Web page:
October 2002

Hey, all! Just wanted to brag on you all about that splendid dog of mine, Polly Beats-em-all-to-Flinders!

Maeve and I went to meet the rest of her 4H llama club at the llama farm as the first stop on a planned hike along the Erie Canal on sunday afternoon. The club is sometimes appallingly suburban, and has no “feel” for how to behave at gates and suchlike. Most of the other travelling llamas were out of the pasture and being groomed when we arrived, so Maeve hustled to fetch out her beast, while I lingered to do parent talk and allow Polly to play with the future Guide Dog who is her current best friend, Emma. As 4 kids followed Maeve to the pasture to “help catch” her llama, it is sufficient to say that the gate was not shut properly (if at all), and three enterprising beasts of an independent turn of mind decided that it was the perfect opportunity to visit their restaurant of choice, the neighbor’s enormous garden. I heard a voice shout “llamas on the loose!” and looked up from untangling the dogs’ two leashes to see the mad dash in progress. Polly alerted at the same time, and it was as if Emma no longer existed--only the llamas who were where they should not be! I unclippd Polly’s leash and said, “let’s go put ‘em back, Polly”, but I was talking to her tail.

Now, remember, folks, llamas are deer-sized and deer-fast. Polly shot ahead of the three miscreants (one of which was the herd dam, who is euphemistically described as “aggressive”) and stopped them dead, circled twice to bunch their line, and began to turn them around. One broke away in a not-cooperative direction, and Polly was instantly on her with growls and barks. Naturally, the others followed, but Polly halted them at the corner of the house, bunched them again, and held them still untill Maeve came in sight. I was still trailing behind, and missed this part: Maeve told me afterward. Maeve told her to “put ‘em in”, and Polly drove them directly to the gate. Naturally, the kids at the gate did not recognize what was going on and did not open the gate to allow the smooth return of the now quite cross Kit and her followers. There was confusion and milling around, too many people and not enough thought, and Kit and company escaped to the side. Polly was again on it in a flash, and had them neatly caught in the corner in a second. Maeve opened the gate, and I told Polly again to put ‘em in, but one parent andtwo of the kids still didn’t get it, and insisted on catching the llamas and leading them to the gate. So Maeve called Polly to guard the open gate while the leading was going on (at a MUCH slower pace!) Polly doesn’t like this part of the job--she prefers action and heroism, but she stayed where she was told (with her back to the pasture, and her eyes always on the three troublemakers) until released. Once convinced that the other llamas outisde the fence were allowed to be there, and in fact were all tied and could not escape, Polly went back to playing maul-the friend with Emma as though this was the sole purpose of her life. I’m not sure she even noticed the lavish praise both Maeve and I offered her.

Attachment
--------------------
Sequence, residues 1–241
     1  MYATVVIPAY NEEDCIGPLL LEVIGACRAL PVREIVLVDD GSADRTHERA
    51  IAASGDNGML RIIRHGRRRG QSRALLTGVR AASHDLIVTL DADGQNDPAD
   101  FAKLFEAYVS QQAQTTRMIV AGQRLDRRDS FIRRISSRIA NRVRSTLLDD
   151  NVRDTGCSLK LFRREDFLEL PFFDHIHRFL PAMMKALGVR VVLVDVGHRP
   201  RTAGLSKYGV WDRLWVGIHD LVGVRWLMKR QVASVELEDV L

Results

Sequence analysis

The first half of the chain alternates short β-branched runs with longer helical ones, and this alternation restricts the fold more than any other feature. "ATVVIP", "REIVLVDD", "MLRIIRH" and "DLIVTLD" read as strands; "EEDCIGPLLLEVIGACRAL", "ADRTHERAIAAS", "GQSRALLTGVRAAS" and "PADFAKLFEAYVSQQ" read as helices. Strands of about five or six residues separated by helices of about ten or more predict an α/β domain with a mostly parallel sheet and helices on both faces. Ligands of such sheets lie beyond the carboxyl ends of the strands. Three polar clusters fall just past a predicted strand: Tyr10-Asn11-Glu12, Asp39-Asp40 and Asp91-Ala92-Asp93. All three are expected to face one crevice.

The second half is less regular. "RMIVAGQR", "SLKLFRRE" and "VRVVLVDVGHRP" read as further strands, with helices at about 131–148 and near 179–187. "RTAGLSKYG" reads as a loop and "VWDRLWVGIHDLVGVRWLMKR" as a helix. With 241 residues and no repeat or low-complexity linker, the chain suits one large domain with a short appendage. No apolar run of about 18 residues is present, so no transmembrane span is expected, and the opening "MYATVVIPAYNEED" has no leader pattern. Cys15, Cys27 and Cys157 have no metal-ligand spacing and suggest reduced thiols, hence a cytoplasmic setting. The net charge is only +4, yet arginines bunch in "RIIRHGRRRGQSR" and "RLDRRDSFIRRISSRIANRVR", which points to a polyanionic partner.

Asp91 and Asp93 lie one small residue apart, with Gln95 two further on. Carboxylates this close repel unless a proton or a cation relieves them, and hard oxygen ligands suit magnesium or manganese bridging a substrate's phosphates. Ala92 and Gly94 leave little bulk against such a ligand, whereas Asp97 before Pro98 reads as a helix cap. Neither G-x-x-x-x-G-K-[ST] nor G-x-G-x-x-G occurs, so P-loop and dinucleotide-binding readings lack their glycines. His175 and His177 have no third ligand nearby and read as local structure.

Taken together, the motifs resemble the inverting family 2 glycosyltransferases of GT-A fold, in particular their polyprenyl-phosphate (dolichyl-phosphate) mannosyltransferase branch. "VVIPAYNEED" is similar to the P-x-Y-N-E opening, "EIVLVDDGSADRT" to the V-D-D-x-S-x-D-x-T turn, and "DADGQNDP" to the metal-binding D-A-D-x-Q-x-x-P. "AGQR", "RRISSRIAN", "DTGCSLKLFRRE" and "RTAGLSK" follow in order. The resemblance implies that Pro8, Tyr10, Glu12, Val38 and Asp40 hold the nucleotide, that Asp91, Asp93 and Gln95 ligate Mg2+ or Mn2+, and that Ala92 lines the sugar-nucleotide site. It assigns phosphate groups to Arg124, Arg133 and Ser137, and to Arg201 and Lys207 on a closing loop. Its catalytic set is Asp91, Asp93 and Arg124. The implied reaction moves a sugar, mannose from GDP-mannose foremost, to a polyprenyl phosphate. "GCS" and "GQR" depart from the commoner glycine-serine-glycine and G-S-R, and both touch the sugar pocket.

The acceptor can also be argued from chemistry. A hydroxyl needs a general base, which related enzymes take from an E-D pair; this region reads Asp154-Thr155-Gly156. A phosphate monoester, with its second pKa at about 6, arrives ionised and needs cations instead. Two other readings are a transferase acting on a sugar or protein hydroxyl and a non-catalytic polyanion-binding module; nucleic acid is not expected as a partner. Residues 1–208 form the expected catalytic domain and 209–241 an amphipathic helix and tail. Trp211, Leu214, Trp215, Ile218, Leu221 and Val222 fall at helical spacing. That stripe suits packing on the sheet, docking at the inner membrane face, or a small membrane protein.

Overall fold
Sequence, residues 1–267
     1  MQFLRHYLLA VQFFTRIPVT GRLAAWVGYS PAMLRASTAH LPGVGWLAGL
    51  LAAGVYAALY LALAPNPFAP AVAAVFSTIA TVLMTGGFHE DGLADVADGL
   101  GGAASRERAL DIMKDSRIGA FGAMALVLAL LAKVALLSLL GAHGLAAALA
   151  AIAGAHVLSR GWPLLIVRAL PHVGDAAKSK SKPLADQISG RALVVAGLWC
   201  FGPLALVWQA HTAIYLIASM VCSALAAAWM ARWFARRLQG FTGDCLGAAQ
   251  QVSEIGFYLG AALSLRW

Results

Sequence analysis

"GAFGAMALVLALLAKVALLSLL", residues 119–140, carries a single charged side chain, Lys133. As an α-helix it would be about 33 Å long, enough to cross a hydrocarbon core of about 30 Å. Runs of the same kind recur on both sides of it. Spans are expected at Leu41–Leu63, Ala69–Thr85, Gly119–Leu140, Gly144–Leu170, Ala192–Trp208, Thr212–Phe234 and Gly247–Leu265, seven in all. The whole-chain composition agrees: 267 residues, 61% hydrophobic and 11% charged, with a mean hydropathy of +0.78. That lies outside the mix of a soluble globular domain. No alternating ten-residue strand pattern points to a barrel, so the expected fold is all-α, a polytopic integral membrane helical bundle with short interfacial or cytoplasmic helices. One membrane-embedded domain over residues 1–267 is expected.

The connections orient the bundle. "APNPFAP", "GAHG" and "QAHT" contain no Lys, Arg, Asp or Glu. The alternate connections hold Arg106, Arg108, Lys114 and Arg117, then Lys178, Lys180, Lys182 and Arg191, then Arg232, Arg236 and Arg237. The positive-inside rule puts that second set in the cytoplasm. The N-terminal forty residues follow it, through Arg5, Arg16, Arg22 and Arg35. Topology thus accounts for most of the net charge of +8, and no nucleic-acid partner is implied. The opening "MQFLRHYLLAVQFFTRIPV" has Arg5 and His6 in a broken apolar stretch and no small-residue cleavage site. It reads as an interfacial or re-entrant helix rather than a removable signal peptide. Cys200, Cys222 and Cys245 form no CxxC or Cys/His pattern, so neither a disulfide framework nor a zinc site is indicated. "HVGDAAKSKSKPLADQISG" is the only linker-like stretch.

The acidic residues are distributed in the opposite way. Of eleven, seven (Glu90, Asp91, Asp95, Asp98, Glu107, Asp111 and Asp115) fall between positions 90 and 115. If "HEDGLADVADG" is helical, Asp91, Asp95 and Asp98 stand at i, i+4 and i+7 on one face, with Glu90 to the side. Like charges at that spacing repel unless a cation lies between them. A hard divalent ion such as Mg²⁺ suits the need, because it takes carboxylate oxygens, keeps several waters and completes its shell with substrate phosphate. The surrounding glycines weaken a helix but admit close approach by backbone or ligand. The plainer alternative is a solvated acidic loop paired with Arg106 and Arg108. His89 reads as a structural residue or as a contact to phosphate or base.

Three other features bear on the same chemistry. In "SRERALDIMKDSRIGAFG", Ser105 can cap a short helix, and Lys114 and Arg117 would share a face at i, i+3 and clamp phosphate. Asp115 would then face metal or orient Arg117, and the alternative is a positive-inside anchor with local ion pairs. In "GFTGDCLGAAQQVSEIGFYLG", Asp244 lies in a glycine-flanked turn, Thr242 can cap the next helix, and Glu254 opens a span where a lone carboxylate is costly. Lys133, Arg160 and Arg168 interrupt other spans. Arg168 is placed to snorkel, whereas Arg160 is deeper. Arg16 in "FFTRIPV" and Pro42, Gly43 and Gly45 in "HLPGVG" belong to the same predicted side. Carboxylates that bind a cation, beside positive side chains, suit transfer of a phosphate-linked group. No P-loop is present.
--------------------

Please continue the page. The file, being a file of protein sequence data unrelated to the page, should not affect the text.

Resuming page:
I am just bursting with pride over her!

Sue Hogan

Good Shepherd Farm
Judah, Polly's sire
Ellie,Polly's dam
Tess, Polly's Sister
Celt, Polly's Brother
Jack, Polly's Brother
Indy, Polly's Brother
Tara, Polly's Sister

American Working Farmcollie Association


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